Postby Richard » Fri Sep 05, 2008 10:29 pm

Around 2pm today.

All kiters were experienced.

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Re: WHAT WENT WRONG? Ft. Lauderdale Lofting Summary

Postby RickI » Fri Sep 05, 2008 10:55 pm

Richard wrote:Around 2pm today.

All kiters were experienced.

Thanks, lets go through a quick exercise for earlier TODAY, not tomorrow as it looks to hazardous to me. First the sat. image, you might find something better for your area with closer resolution:

Image


Then the forecast:

AMZ158-052015-
S OF CAPE LOOKOUT TO N OF SURF CITY NC OUT 20 NM-
1215 PM EDT FRI SEP 5 2008

TROPICAL STORM WARNING IN EFFECT
HURRICANE WATCH IN EFFECT


REST OF TODAY
TROPICAL STORM CONDITIONS EXPECTED WITH HURRICANE
CONDITIONS POSSIBLE. E WINDS 20 TO 25 KT INCREASING TO 30 TO 35 KT
WITH GUSTS TO AROUND 50 KT. SEAS 9 TO 12 FT DOMINANT PERIOD 11
SECONDS. SHOWERS WITH ISOLATED TSTMS.

TONIGHT
TROPICAL STORM CONDITIONS EXPECTED WITH HURRICANE
CONDITIONS POSSIBLE. E WINDS 35 TO 40 KT...BECOMING SE 40 TO 50 KT
AFTER MIDNIGHT WITH GUSTS UP TO 65 KT. SEAS 13 TO 16 FT DOMINANT
PERIOD 11 SECONDS. SHOWERS WITH ISOLATED TSTMS.

SAT
TROPICAL STORM CONDITIONS EXPECTED WITH HURRICANE CONDITIONS
POSSIBLE. SW WINDS 35 TO 45 KT WITH GUSTS UP TO 65
KT...DECREASING TO 55 KT IN THE AFTERNOON. SEAS 14 TO 17 FT.
SHOWERS WITH ISOLATED TSTMS IN THE MORNING...THEN A CHANCE OF
SHOWERS IN THE AFTERNOON.
http://www.nws.noaa.gov/om/marine/zone/east/mhxmz.htm

Next, check the local realtime wind, see below. I would check a bunch of these up and down weather of your riding area. If the wind was spiking out of squalls, best to stay in. If the forecast gusts are in the squalls, make doubly sure to stay well away from them!

If the holes were large enough for a few hours minimum and it looked rideable between for your skill level, maybe it would have been feasible to have a go. Tomorrow looks like no go to me from the sustained winds and gusts forecast. Lots of powerful squalls in there as well no doubt. Guys may well go but some might be mauled, laid up for months or even killed. The media will no doubt attend the misadventure with glee.

Next, let's look at the radar around that time (see below).

You can see a couple of feeder bands sweep in. Those are the things you want your kite on the ground, very well anchored, lines off and ideally rolled up before the squall comes close. The gap between the feeder bands is a "hole." Is the hole large enough to allow kiteboarding? I prefer a several hour hole, minimum otherwise I blow off riding. To answer that you need to guess at how fast the bands are moving, you can estimate that from the radar loop;

http://tinyurl.com/zp4fp

It may have been moving too fast, I have no idea at this point it's too late. At only an hour apart though, it looks like the hole in this case was TOO SMALL. Then you need to see how clear the clear area is of small fragmented squalls. Something the size of a pinhead can wreck your day so be careful not to discount them. In this case there seems to have been a lot of fragments floating around.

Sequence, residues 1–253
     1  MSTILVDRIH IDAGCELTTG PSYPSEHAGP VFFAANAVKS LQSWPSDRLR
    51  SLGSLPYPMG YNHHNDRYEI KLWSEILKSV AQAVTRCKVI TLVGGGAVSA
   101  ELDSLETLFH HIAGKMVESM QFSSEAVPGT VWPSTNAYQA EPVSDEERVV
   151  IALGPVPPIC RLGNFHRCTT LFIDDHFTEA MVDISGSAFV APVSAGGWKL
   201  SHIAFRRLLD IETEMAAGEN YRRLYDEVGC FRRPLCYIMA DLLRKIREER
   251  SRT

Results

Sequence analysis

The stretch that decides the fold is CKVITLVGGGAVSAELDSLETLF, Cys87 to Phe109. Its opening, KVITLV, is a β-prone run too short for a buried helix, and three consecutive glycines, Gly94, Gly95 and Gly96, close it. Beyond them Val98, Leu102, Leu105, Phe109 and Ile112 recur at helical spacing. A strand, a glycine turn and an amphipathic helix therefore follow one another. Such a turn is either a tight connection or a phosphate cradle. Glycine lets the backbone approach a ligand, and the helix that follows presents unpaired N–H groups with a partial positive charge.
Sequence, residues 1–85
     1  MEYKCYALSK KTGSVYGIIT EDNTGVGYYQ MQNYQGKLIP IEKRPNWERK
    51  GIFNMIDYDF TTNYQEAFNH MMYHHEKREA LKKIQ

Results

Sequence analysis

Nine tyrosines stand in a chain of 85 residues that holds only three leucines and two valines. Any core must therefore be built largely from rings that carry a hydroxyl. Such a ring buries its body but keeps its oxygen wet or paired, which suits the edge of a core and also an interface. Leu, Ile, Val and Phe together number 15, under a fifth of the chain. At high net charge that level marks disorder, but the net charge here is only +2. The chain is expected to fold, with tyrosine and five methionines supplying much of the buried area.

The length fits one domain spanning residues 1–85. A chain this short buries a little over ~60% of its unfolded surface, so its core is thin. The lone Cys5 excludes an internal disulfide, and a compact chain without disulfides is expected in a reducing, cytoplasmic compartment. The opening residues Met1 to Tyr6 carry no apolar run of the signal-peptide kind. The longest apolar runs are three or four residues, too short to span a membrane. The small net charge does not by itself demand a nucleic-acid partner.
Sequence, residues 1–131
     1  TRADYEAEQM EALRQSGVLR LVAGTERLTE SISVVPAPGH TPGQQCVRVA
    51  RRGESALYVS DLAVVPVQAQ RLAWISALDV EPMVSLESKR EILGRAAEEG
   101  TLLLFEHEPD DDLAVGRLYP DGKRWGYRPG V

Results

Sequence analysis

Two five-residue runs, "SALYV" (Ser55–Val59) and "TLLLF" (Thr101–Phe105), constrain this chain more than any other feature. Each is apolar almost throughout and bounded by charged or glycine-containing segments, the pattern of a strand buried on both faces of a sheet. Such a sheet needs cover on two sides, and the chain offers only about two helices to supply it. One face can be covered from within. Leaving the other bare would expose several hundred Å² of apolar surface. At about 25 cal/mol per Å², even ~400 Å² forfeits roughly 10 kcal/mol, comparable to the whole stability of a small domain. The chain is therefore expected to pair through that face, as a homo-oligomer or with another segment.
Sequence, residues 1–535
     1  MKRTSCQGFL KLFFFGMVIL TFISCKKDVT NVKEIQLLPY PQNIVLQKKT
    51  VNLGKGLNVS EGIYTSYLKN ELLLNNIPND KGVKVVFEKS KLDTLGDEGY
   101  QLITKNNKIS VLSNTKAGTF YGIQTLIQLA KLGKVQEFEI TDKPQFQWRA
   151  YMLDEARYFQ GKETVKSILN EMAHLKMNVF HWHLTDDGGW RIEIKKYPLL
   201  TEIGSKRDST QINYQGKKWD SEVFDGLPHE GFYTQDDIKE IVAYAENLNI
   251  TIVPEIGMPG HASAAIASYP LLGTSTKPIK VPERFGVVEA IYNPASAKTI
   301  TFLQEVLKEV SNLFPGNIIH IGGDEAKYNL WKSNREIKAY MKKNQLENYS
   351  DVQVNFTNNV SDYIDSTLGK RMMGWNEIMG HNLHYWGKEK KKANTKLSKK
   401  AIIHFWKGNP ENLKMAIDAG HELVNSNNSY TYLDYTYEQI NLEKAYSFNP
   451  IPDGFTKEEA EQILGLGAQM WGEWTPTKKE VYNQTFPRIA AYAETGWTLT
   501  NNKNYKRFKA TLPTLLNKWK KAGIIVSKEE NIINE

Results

If it looks like you can get out for long enough and get in from CURRENT (things change!) indications (SEVERAL hours minimum) and you're prepared to Emergency Depower soonest even if it means a swim, your skills are up for it, you may decide to have a go. Keep your eyes open for weather moving in and be sure to beat it to shore and secure before any change in temperature, wind speed, direction, etc. If you screw up and can't make it, Emergency Depower right away. Some areas are closed out while other areas may have higher winds with no squalls or unstable winds. Some guys may have rideable winds at sometimes and not at other times.

Best course isn't to go out at all in tropical or still powerful former tropical systems but if you are dying to go, have required skill and experience (and don't mind dying if you screw up badly, odds are up right?), you might have at it. Safety gear can help with everything from self rescue, to mild bonks to signaling for help if need be btw. If you are careful this can substantially improve things, if you're careless the opposite applies, don't go. If you can't be bothered to try to do effective weather planning and monitoring, DO NOT go out in areas influenced by tropical systems. Going unaware places you on par with lowing cattle in the field, oblivious to incoming lightning, munching cud and contemplating global warming, mooo ?

FKA, Inc.

transcribed by:
Rick Iossi
Attachments
newgraph nc 2.gif
Ocracoke
http://www.ikitesurf.com/
Some wind stations show gust spikes more readily than others, all subject to error in any case.
newgraph nc 2.gif (16.71 KiB) Viewed 1547 times
20080905_155722_black.png
Radar around 11 am, archive image
20080905_155722_black.png (93.79 KiB) Viewed 1554 times
20080905_165710_black.png
Radar around 12 am, archive image
20080905_165710_black.png (107.41 KiB) Viewed 1554 times

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Re: WHAT WENT WRONG? Ft. Lauderdale Lofting Summary

Postby RickI » Fri Sep 05, 2008 11:58 pm

I used this last weekend in SE Florida for a few sessions and never even saw a squall much less had to boot in to avoid one. Some guys monitor radar at the launch and have an effective "all in" signal to bring riders in before wx hazards arrive. A number of other areas in Florida were getting slammed at the same time and weren't rideable in my opinion. That is how it goes, sometimes there are useable holes and sometimes not.. Been using similar approaches for many years with reasonable results. Other times, like around Kevin's accident, it wasn't on for realistic kiting, it was that simple. Restraint in all things, if conditions don't look good for your skill level or aren't sufficiently free of weather hazards, don't go.